And hadn't he predicted that Dalton would fall on hard times? When the first few layoffs and the first few store closings were announced, Cora had thought it was just a passing thing. Dalton had one-hundred-and-fifty years of proud history. There were good times and bad times, but there was always Dalton, bustling, lively, aglow day and night. The biggest city in this chunk of the state; an employment mecca for all the folks in the county. Maybe a little rowdy on payday, but the work of Dalton's industries--tires, truck parts, steel--required that type of man, didn't it? Things never got out of hand, and for a long time it seemed that Dalton would get better indefinitely. But Horace had been right in the end: the first signs were not the last. The layoffs and plant closings seemed to be fueled by their own momentum. More than half the downtown shopping district was boarded over and closed. Three companies had moved out, and three more were running one shift where they had run three. And two had gone bankrupt.
Worse, it seemed that the people had changed... She wasn't sure when she had first noted it; she hadn't thought much about it then, no more than she would at noting a small crack in the paint of a family portrait. But the crack had spread, coming to dominate the canvas. She thought of the Dalton she had grown up in, the Dalton of nods and waves and small talk on Dalton Avenue. Of proud men in stately clothes and proud men in sturdy clothes. Of decency and civility and, yes, even moral outrage on the rare occasions that was called for. How different now... Without being summoned, a memory struck her--a child, just a baby, maybe four. She was hitting a doll again and again, screaming, "Mommy's gonna teach you how to live, if it's the last thing I do!" She could hear Horace's questions, "To live? Where?" Oh, Horace! What are they after? How much did you know? How much did I ignore? Her hands clenched at the wheel, her anger renewed: "Fuck you, bitch!"...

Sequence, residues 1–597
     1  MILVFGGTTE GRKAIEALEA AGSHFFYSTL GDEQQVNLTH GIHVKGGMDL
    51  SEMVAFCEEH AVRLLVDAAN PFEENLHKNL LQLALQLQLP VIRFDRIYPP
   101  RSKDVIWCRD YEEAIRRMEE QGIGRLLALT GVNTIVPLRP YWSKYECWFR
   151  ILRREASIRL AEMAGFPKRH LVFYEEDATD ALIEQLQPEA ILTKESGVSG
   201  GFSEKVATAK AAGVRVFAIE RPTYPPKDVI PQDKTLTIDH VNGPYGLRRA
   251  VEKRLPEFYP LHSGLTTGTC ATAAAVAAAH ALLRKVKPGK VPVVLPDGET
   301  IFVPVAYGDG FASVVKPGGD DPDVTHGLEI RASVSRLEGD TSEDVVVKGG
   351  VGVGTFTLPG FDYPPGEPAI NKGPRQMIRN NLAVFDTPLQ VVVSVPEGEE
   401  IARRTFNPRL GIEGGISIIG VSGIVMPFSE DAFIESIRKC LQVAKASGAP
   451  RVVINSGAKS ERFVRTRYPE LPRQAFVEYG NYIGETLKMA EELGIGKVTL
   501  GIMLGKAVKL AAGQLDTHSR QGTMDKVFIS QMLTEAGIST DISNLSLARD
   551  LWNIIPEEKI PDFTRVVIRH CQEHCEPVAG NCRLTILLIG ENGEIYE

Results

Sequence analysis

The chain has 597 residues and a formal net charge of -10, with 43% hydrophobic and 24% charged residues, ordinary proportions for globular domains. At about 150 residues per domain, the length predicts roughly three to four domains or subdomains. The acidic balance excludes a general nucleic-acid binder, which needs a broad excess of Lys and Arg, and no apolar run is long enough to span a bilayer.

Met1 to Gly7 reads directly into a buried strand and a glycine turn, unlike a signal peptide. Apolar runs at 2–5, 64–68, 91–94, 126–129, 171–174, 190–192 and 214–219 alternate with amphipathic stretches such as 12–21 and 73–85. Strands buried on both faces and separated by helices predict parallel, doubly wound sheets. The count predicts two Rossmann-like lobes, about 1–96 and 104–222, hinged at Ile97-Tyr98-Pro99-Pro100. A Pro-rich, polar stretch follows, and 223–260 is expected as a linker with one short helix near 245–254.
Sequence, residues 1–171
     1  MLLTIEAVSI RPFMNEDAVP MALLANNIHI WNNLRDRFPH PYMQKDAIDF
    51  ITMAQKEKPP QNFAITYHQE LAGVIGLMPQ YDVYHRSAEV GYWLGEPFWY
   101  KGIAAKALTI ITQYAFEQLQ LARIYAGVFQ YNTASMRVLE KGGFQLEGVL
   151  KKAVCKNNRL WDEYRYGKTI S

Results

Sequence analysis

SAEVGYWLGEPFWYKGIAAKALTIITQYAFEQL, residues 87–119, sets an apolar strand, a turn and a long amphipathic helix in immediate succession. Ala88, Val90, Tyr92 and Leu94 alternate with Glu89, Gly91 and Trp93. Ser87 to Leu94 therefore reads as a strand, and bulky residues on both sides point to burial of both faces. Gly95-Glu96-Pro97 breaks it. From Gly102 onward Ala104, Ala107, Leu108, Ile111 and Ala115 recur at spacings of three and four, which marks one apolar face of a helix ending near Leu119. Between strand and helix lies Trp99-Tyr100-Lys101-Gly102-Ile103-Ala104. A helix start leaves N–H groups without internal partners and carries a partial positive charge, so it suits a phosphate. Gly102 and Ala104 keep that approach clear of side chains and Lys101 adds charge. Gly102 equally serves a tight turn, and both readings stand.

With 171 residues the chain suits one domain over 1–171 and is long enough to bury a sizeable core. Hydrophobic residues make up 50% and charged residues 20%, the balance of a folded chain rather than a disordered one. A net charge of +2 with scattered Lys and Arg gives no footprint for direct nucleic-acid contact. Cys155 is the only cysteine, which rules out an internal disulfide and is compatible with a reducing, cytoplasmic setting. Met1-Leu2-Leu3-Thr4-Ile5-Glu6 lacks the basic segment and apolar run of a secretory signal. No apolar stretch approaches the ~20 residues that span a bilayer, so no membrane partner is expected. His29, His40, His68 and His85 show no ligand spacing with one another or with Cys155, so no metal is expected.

Lonnie Cummings knew that look: "Get out of the way!" He'd seen it on his father's face many times; he was surprised to see it here and to know what it meant. He stood staring into the car, looking at the unseeing old woman. Her eyes were fixed on the sky, but he knew her sight was blocked, that in that moment he could smash out her windshield or piss on her tires or anything, and she wouldn't see. But if she were like his father, then she'd be that much worse when she did come around, so "get out of the way!"
But she wouldn't hurt him if he didn't bother her... Would she? Lonnie was mystified by adults. He had a few dim clues, a few rules he knew were always true. But you could never be sure of how any adult was going to act about anything. He stood there watching, testing. He looped his thumbs in the thin belt wrapped around his waist, supporting a too-large pair of dungarees that were patched in several places. There was a small hole in his smudged tee-shirt. He was three days from his last bath and proud of that fact. Outwitting mom about baths was one of his early triumphs in the battle to have his way from adults. He leaned his strong young back against one of the lamp posts in the parking lot, watching the old woman. If he could understand why people stared like that, maybe he could use it...